/ Modified nov 1, 2011 5:59 p.m.

Exhibit Tunes In to Guitarmaking History

"Good Vibrations" offers glimpse at the instrument and its construction, from 16th-century Europe to present-day Tucson

110111_UAMA_Guitar_Exhibit_617_347 Celebrating the beauty, craftsmanship, and audio nuances of acoustic and electric guitars, the University of Arizona Museum of Art presents Good Vibrations: The Guitar as Design, Craft and Function.

Good Vibrations: The Guitar as Design, Craft and Function is the name of the new exhibition at the University of Arizona Museum of Art.

Charles Guerin, UAMA executive director and curator of the exhibition, says Good Vibrations offers a visual and auditory experience for the visitor that emphasizes the guitar as an exquisitely crafted instrument.

Guerin points out every guitar in the exhibition is handmade.

“What goes into that [process] is really quite extraordinary because the end product has to be functional," he explains. "There’s an enormous amount of pressure exerted on this wooden box when you crank those strings up, and they’re amazingly thin.”

Guerin points out that Tucson is home to a rich guitar-making community. Nine of these local makers, whose expertise includes both acoustic and electric guitars, are represented in the exhibition.

Brian Dunn is one of the local guitar makers showing his work. His guitars often incorporate a natural grain pattern that pays homage to the beauty he sees in the Sonoran Desert landscape.

“When I came to Tucson 40 years ago, I fell in love with the desert," says Dunn. "I like to incorporate something of the desert into my guitars. Frequently the sound-hole rosette that I inlay to the top is desert ironwood. There’s a cross-section, a particular frontier, between the heart-wood and the sap-wood of the desert ironwood that, to me, makes a very beautiful pattern.”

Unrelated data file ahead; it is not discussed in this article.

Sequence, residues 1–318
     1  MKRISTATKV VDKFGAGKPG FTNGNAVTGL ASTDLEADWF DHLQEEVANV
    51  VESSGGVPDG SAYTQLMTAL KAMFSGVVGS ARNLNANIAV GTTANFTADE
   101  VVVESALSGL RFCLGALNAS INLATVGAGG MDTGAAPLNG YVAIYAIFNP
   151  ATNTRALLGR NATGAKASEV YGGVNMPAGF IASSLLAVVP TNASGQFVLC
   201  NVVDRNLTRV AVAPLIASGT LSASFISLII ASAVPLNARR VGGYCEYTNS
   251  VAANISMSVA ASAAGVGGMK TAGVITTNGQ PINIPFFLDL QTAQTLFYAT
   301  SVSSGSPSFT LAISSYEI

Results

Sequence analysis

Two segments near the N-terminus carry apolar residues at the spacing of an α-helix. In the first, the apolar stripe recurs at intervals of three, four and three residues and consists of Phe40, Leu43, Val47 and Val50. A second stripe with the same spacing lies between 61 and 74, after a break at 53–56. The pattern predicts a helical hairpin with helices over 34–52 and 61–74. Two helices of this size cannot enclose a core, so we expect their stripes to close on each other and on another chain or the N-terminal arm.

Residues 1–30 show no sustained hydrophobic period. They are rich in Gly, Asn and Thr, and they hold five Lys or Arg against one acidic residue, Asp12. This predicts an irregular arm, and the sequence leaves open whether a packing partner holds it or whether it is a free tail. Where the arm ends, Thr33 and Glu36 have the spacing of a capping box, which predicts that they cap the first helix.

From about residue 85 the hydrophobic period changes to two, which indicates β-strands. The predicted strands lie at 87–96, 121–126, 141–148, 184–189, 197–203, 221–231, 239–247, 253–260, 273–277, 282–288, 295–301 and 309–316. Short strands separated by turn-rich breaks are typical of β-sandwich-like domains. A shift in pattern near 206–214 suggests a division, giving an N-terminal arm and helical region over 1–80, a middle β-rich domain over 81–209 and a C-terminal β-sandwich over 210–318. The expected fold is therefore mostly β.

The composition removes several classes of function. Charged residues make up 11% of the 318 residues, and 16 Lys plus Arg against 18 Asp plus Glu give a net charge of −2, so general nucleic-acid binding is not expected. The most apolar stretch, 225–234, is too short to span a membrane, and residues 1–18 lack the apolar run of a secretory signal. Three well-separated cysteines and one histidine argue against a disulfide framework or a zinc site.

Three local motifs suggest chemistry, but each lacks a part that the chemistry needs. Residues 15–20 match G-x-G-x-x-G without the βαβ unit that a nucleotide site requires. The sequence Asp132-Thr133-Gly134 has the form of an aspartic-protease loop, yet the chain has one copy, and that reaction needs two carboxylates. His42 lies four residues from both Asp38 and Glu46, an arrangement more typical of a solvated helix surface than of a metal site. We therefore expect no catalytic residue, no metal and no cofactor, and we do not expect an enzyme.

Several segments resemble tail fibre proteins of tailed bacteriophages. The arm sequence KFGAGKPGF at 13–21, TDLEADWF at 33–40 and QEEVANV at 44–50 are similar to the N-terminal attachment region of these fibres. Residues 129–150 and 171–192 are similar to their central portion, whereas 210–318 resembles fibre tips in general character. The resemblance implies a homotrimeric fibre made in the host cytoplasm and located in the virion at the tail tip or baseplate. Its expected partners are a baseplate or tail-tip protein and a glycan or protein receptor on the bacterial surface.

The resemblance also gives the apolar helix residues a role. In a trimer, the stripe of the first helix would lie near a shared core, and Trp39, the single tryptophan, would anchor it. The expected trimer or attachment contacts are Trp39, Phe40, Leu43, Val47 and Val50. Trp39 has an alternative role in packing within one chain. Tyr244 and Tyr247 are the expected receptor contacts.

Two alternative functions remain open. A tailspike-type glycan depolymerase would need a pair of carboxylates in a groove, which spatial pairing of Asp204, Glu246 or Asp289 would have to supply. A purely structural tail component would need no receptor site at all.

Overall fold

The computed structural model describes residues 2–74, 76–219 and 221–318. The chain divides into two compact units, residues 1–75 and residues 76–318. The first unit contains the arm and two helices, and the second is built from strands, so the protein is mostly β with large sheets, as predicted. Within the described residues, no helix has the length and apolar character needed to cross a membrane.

“There’s really art, both in the design and in the adaptation of the instrument for the musician,” Guerin says. “As well as in the craft and the beauty, and in many cases the simplistic beauty, of these wonderful instruments.”

By posting comments, you agree to our
AZPM encourages comments, but comments that contain profanity, unrelated information, threats, libel, defamatory statements, obscenities, pornography or that violate the law are not allowed. Comments that promote commercial products or services are not allowed. Comments in violation of this policy will be removed. Continued posting of comments that violate this policy will result in the commenter being banned from the site.

By submitting your comments, you hereby give AZPM the right to post your comments and potentially use them in any other form of media operated by this institution.
AZPM is a service of the University of Arizona and our broadcast stations are licensed to the Arizona Board of Regents who hold the trademarks for Arizona Public Media and AZPM. We respectfully acknowledge the University of Arizona is on the land and territories of Indigenous peoples.
The University of Arizona